Don't-Miss Security Stories
Microsoft has started offering protection against potentially unwanted applications in its anti-malware products for enterprise customers.
Microsoft has updated several of its security tools to remove two digital certificates installed on some Dell computers that could compromise data.
A bug affecting some VPN services can be used to figure out a computer's real IP addresses, including those of BitTorrent users, which could pose a huge privacy and possibly a legal risk.
Users who have Dell Windows-based laptops, desktops, tablets and other devices that were bought before August should check if their systems have the self-signed eDellRoot certificate that can compromise their private communications.
Thousands of routers, modems, IP cameras, VoIP phones and other embedded devices share the same hard-coded SSH host keys or HTTPS server certificates.
Microsoft is adding a new opt-in defense for enterprises to block adware, which is often sneakily wrapped into free downloads.
The Dridex botnet, which targets financial credentials, appears to be gaining steam again, striking computers in the U.S., U.K. and France.
For the third time in less than six months PC manufacturer Lenovo has had to update the System Update tool pre-loaded on some of its products for security reasons.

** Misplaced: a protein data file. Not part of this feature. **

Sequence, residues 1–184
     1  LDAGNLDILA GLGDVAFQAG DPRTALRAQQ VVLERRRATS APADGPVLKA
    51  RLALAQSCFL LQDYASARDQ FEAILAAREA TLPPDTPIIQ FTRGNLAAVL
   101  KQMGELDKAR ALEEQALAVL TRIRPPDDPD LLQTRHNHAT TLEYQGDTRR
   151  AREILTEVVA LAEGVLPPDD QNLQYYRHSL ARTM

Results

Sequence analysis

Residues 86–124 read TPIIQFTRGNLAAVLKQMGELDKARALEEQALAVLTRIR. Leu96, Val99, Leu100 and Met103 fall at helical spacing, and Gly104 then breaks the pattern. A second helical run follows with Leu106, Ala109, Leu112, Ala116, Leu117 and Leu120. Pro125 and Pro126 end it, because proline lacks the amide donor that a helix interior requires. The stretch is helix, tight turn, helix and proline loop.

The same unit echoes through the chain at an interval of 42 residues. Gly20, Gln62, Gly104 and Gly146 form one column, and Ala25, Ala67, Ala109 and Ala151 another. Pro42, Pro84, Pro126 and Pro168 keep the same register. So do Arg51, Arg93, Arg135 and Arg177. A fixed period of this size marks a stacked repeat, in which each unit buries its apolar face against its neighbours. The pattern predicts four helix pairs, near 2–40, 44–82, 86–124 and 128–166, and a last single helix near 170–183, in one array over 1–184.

Hilton Worldwide says it has identified and removed malware that targeted card payment systems at some of its hotels over a 17-week period from late 2014 to mid 2015.
A device built by legendary hacker Samy Kamkar calls into question the security of payment cards as the U.S. continues to grapples with card fraud.
After Dell confirmed that one of its support tools installed a dangerous self-signed root certificate and private key on computers, users discovered a similar certificate deployed by a different Dell tool.
In an attempt to provide a more streamlined remote support experience, Dell installed a self-signed root certificate and corresponding private key on its customers' computers, exposing users' encrypted communications to potential spying.
As China increasingly embraces payment cards over cash, Trend Micro is seeing an uptick in cybercriminal activity aimed at card fraud.
The fallout from a serious security mistake made by Dell is widening, as security experts find more issues of concern.
Users are reporting that some Dell laptops sold recently come preloaded with a self-signed root digital certificate that lets attackers sniff traffic to any secure website.